9. The method of claim 8 wherein said interface signal is generated by an AND-gate in response to at least one input signal received by said AND-gate.
10. The method of claim 2 wherein said clock speed adjustment comprises a delayed clock pulse.
11. A method for performing a dynamic voltage screen test on a memory array, said method comprising the steps of:
(1) generating a multiple-array-built-in-self-test interface signal, said interface signal indicating whether a dynamic voltage screen test is being performed on a memory array; and
(2) adjusting a clock speed of the memory array by providing a delayed and widened clock pulse when the interface signal indicates that a dynamic voltage screen test is being performed.
12. A method for testing semiconductor SRAM comprising the steps of:
(1) slowing down a clock weed of a clock by widening a pulse from said clock such that data may be written and read during a dynamic voltage screen test; and
(2) tuning critical timing elements to be slower than normal to compensate for the speed up effects at the higher voltage of said dynamic voltage screen test, thereby avoiding undesirable race conditions that would render said SRAM inoperable.
13. A method for testing semiconductor SRAM comprising the steps of:
(1) slowing down a clock speed of a clock by delaying and widening a pulse from said clock such that data may be written and read during a dynamic voltage screen test: and
(2) tuning critical timing elements to be slower than normal to compensate for the speed up effects at the higher voltage of said dynamic voltage screen test, thereby avoiding undesirable race conditions that would render said SRAM inoperable.
Description
BACKGROUND OF THE INVENTION

1. Technical Field

This invention generally relates to semiconductor devices, and more specifically relates to self-test devices for memory arrays.

2. Background Art

The proliferation of modern electronics is due in large part to the development of the integrated circuit (IC). IC designs are implemented on a silicon die by mapping logic functions to a set of pre-designed, pre-verified logic circuits. These circuits range from the simplest functions to highly complex circuits referred to as “cores.” Cores are typically high level industry-standard functions, such as a digital signal processor (DSP), an advanced RISC machines (ARM) microprocessor, an Ethernet function, or a peripheral component interconnect (PCI) controller. With a particular design in mind, customers can quickly assemble an application specific IC, or ASIC, design by using cores as building blocks.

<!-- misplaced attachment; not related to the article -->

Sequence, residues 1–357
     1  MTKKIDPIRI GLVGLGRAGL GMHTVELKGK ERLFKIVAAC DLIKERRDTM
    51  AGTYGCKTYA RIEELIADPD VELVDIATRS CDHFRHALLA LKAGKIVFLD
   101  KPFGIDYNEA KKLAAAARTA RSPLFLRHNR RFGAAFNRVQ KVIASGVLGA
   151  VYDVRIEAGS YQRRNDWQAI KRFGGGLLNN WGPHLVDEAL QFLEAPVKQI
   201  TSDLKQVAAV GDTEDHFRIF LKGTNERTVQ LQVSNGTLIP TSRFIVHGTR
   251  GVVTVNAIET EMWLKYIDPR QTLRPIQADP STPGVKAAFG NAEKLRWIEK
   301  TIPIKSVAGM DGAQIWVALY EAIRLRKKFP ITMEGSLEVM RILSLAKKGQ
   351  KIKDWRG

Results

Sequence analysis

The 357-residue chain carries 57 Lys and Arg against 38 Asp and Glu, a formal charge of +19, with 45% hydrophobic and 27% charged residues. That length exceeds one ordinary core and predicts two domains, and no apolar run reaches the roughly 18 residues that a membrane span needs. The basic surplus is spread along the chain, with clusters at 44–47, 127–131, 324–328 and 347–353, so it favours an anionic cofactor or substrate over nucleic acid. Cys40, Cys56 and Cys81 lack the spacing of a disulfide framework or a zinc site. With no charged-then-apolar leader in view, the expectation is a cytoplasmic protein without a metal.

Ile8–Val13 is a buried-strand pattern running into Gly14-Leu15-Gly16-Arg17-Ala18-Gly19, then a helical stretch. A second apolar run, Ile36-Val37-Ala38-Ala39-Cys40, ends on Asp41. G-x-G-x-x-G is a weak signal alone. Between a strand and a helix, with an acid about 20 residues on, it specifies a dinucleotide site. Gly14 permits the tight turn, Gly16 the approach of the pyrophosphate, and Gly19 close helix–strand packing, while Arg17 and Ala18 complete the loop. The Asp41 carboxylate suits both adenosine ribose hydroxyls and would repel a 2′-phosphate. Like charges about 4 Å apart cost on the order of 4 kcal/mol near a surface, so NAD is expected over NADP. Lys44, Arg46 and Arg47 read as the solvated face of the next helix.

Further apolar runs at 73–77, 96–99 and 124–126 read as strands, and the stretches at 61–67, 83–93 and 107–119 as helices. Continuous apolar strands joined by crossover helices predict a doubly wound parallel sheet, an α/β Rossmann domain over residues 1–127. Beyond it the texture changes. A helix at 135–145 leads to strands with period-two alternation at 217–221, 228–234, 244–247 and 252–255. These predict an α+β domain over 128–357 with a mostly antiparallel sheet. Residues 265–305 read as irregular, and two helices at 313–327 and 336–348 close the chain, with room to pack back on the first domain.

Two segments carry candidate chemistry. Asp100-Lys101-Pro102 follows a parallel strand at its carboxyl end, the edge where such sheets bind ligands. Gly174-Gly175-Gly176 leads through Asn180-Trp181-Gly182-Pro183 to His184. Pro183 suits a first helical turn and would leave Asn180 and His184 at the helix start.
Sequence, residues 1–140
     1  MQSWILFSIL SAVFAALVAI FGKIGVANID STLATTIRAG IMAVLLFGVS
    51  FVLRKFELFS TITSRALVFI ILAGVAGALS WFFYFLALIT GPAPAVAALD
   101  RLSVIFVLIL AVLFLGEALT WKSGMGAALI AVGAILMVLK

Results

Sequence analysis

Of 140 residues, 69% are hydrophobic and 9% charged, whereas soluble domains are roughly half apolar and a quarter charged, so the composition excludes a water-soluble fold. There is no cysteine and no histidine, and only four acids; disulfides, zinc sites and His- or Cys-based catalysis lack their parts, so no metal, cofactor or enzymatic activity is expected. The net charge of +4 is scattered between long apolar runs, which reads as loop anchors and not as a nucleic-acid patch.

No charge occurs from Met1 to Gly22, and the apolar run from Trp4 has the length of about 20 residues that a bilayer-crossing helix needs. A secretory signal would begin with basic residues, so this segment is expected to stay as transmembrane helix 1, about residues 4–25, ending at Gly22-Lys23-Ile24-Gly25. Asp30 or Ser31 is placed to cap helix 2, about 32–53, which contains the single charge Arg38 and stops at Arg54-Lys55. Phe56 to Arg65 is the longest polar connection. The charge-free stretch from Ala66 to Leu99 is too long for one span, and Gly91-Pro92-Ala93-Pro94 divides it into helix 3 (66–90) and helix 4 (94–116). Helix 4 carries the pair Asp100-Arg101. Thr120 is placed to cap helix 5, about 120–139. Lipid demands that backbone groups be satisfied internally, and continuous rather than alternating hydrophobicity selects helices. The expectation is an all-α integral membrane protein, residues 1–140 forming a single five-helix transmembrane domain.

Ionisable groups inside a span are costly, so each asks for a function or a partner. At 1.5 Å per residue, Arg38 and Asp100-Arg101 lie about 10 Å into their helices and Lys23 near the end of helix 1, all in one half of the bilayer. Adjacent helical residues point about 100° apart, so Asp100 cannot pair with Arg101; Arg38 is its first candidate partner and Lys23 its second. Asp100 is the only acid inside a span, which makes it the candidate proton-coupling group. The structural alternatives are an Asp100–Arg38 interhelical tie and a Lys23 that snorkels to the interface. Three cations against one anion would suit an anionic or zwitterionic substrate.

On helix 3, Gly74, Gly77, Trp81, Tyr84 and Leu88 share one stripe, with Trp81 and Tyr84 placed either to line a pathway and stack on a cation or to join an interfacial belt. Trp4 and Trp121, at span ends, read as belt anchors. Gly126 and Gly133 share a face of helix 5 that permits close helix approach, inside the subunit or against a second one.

One of the more commonly used cores are those that provide memory arrays for use in ASICs. Typically, memory cores are designed to be compilable, i.e., the parameters of the memory array can be customized to meet the requirements of a particular design. Typically, a compilable memory core allows the design to specify parameters such as the number of words and the width of the words. Additionally, compilable memory array cores typically allow designers to specify decode options and other parameters. Thus, one ASIC memory array core can provide memory structures for a wide variety of applications.

Modern memory arrays commonly include self-test circuitry designed to facilitate testing of the memory array after fabrication. These devices, typically referred to as “built-in-self-test” (BIST) controllers, provide the memory core with the ability to perform self tests to determine which cells in the memory are functioning properly. Typically, these BIST controllers provide the ability to perform a test pattern routing that involves writing to each memory cell in the array, and then reading from the cells to determine which cells are operating properly. In particular, the BIST controller writes a defined pattern into the memory, and reads the data back from the array. The read data is then compared to the “expect data” by a self test comparator within the memory array, and the memory sends back a pass/fail signal. The BIST then logs the pass/fail, and uses that information to determine whether the memories embedded within the ASIC are functional.